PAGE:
Rumber is revolutionizing horse-trailer floors. This environmentally friendly material is made from recycled tires and plastic. Extruded into planks, just like lumber, the boards can be attached to cross members to form a floor.
Its cushioning quality and traction surface take the place of both a floor and mats, making maintenance a breeze: No pulling out mats and flipping them over to clean underneath. You just turn on the hose and wash off the floor.
Rumber is a floor option with many horse trailer manufacturers, such as Classic Trailers, Inc., Dream Coach and Gooseneck Trailer Mfg. Co. It can also be purchased to replace floors in older trailers. It comes in lumber dimensions and sheets, such as 2x8-inch, 2x6-inch and 2x4-inch. Because they are extruded, you can order specific lengths.
In horse trailers, Rumber boards should be placed upon 12” center supports. The minimum recommendations for those supports is 2” angle iron that is ??” thick. Using 2” x ??” screws or bolts, the boards are secured at each end and 24” to 30” maximum centerline spacing. The floor can be used in either steel or aluminum trailers.
Even though the boards are tongue-and-groove and tightly snapped together, they do offer drainage space. In addition, they have a flexible surface that takes a lot of the stress off a horse’s legs during hauling.
Unlike mats, Rumber floors don’t buckle when a trailer is closed up and stored during hot summer months. They hold their form and shape, and screws, bolts or nails won’t damage them.
These floors are non-absorbent. Water, manure and urine can’t soak in, as they do into wood. The acid from urine doesn’t affect them. Still, for sanitary reasons, you need to hose off the floor regularly and to prevent the urine from seeping into the walls.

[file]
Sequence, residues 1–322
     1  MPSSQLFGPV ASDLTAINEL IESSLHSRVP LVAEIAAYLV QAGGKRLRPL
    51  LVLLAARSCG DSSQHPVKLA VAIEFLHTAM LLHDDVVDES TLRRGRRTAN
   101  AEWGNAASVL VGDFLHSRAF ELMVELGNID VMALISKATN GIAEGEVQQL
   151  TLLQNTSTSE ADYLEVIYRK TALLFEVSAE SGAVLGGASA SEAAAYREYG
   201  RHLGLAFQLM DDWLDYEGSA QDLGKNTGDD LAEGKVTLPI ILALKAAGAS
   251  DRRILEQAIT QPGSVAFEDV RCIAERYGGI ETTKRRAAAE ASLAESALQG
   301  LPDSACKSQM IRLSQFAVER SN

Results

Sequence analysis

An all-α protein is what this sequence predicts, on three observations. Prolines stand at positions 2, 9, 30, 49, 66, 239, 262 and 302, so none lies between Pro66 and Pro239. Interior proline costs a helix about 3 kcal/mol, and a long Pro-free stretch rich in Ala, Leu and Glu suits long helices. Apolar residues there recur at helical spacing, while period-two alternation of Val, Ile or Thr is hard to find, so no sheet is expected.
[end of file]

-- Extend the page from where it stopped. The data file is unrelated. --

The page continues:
Because the product won’t rot or corrode, the safety factor of these floors is high. Rumber has a 20-year limited warranty. Contact Rumber at www.rumber.com or 877/786-2371.
Most rotted-out wood floors are a result of neglect, as the acid from urine, which could have been hosed out regularly, was left to eat away at the floor. Wood floors may last 20 years if taken care of properly, but aluminum and Rumber floors are attractive modern alternatives.
Although Rumber appears to be the easiest to care for, we aren’t going to suggest you make a trailer decision based solely on its floor.
Select the trailer that best meets your own travel needs — number of horses, trailer weight and dimensions, dressing room, etc. — then learn to properly care for the floor that comes with it. If you have a choice, consider Rumber.
However, even if you find the most urine-resistant floor in the world, it’s still going to need to some maintenance. Pull out and clean mats monthly, allowing them and the floor to dry. Maintenance won’t just save you the cost of a new floor, it may save a life.